Please note that the edge slices will have more icing than the middle pieces. This is why we recommend that you keep these slices for people who enjoy extra icing or more sugar in their cake.
Once you have divided the slice, move all the pieces into a separate container and then continue cutting the cake sideways like a domino. Cut the cake in the same way as described above until you reach the other end!
Store all the pieces of cake in an airtight container or stack them up in a container and store them in the fridge.
This method is reserved for cakes taller than 4 inches — and for people who like regular pie-shaped slices with varying levels of icing on each slice.
Please be warned that this method can result in a mess, especially if you don’t slice the cake correctly. Please only go ahead if you have experience with cutting tall cakes and if you have a sharp, straight knife at hand.
We recommend going with a sharp, straight knife because most chef’s knives have a bit of a curve and the curve may force you to cut through the cake using a sawing motion, which can ruin the texture of the cake and create unequal slices.
Begin by placing the cake in the fridge overnight. You need the icing to be very cold so that you can lightly grip it without creating an indent and without leaving behind fingerprints.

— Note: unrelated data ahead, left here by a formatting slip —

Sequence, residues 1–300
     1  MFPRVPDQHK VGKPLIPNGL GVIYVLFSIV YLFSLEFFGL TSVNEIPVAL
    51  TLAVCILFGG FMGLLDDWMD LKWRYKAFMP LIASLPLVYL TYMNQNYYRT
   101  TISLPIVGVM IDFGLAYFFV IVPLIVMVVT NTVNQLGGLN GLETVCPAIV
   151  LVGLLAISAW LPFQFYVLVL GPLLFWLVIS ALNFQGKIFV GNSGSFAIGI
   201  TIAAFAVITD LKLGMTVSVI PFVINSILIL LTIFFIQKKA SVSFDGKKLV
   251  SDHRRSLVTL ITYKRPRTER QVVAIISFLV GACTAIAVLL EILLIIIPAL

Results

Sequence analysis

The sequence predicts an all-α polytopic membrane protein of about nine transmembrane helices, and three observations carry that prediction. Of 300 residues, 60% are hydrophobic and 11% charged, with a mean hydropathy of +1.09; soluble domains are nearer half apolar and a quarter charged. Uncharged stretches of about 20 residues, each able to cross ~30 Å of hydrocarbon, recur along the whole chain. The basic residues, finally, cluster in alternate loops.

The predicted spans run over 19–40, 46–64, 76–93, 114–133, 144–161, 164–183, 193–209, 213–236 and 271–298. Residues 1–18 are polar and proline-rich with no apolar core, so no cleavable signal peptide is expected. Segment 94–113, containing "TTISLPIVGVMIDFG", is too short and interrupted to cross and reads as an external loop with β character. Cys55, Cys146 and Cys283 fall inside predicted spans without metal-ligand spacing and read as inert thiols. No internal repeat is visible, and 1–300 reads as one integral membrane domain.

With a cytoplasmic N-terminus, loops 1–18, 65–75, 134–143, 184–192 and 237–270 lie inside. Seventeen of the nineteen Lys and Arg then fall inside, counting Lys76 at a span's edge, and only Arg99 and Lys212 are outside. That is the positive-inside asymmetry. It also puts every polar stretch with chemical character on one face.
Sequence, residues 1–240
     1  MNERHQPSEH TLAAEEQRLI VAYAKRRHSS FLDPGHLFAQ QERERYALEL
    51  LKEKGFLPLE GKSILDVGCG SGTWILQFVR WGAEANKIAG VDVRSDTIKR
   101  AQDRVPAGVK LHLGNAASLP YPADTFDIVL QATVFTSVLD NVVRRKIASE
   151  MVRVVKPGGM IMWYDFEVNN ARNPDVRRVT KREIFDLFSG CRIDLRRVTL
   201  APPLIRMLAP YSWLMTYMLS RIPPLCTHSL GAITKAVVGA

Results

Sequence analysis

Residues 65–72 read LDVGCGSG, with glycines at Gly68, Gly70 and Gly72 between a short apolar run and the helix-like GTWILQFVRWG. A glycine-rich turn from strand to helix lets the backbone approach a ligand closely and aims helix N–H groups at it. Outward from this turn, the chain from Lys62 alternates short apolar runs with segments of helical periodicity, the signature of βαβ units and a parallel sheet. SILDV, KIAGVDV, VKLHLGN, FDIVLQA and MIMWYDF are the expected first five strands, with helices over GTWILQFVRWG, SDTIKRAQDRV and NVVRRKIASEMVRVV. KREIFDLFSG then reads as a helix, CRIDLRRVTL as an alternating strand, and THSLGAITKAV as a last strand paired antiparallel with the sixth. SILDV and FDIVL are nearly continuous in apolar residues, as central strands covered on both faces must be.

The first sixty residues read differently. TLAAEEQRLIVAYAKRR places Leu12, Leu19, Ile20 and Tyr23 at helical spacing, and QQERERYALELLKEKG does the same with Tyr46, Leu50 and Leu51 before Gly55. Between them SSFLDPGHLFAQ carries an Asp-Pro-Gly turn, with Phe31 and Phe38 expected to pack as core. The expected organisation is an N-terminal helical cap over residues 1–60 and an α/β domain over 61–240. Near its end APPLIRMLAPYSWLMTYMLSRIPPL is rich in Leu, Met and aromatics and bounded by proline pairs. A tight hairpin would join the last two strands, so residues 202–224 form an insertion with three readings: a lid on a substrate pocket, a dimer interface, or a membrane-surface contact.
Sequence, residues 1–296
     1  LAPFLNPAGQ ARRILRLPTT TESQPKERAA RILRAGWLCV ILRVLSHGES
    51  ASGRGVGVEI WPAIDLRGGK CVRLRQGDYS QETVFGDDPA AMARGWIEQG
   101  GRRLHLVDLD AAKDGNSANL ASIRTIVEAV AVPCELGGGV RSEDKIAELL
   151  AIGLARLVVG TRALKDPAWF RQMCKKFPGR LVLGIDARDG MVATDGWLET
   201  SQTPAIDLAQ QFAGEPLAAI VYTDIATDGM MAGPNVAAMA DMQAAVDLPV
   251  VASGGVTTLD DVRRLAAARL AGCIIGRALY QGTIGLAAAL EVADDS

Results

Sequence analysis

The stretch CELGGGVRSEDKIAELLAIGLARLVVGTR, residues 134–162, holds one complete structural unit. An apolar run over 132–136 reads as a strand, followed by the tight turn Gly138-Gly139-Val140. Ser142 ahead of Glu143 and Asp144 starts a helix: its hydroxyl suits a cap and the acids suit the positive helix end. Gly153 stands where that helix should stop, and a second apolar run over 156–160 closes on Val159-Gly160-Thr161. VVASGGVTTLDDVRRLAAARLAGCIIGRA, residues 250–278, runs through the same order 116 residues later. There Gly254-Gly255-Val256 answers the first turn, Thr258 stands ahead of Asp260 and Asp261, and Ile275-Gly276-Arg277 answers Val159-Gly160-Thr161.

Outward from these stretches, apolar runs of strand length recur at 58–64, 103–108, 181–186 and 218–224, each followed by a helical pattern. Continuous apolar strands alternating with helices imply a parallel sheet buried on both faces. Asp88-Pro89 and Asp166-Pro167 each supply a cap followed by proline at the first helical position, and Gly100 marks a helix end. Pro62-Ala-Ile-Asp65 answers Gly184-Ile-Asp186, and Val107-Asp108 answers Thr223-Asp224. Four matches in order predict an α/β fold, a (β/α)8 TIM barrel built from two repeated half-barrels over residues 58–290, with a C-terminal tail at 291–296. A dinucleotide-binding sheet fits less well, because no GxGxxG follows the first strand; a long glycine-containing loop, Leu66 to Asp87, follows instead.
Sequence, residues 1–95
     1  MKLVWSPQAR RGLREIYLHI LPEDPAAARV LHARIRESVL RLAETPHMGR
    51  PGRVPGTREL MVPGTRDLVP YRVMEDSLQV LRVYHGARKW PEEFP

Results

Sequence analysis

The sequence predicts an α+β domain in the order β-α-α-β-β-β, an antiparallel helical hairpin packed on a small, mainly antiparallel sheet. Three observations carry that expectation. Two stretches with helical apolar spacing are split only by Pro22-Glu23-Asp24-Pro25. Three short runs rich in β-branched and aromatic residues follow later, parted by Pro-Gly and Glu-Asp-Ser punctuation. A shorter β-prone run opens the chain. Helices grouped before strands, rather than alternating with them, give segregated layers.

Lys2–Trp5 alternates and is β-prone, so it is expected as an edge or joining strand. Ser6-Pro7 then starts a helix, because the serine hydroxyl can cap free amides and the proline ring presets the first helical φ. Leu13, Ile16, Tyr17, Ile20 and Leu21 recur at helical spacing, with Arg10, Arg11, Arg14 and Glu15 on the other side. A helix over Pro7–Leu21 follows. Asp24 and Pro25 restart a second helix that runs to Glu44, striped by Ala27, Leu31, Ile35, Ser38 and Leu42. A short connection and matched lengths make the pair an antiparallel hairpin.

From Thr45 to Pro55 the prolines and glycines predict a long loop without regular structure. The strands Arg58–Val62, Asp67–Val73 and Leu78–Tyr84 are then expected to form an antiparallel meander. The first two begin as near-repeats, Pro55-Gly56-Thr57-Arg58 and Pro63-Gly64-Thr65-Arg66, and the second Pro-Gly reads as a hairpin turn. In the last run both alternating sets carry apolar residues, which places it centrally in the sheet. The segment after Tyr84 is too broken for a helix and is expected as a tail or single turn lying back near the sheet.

Once the cake is cold, start by washing the straight knife with warm water. Make sure that the knife is big enough to slice through the entire cake without you having to adjust it.
First, figure out the halfway point on the cake and then mark the middle point by lightly slicing it with a knife.
Now place the edge of the blade over the middle mark and then double-check the angle of the knife. You need to make sure that the blade cuts straight and doesn’t deviate in its direction or you will end up with a ruined cake!
You can use a light sawing motion to cut through the cake, but please be gentle. In most cases, a warm knife will be enough to cut through easily!
Lightly grip the top of the cake and then begin slicing from the middle. If you feel a bit of resistance on the cake then we recommend that you carefully pull the knife out and then reheat it by running warm water over it.
Reinsert the knife and continue cutting the cake where you left off.
This method can take some time, especially if you are doing it for the first time. If the cake starts to come up to room temperature, then we recommend that you pause and let it chill for 10-15 minutes before continuing.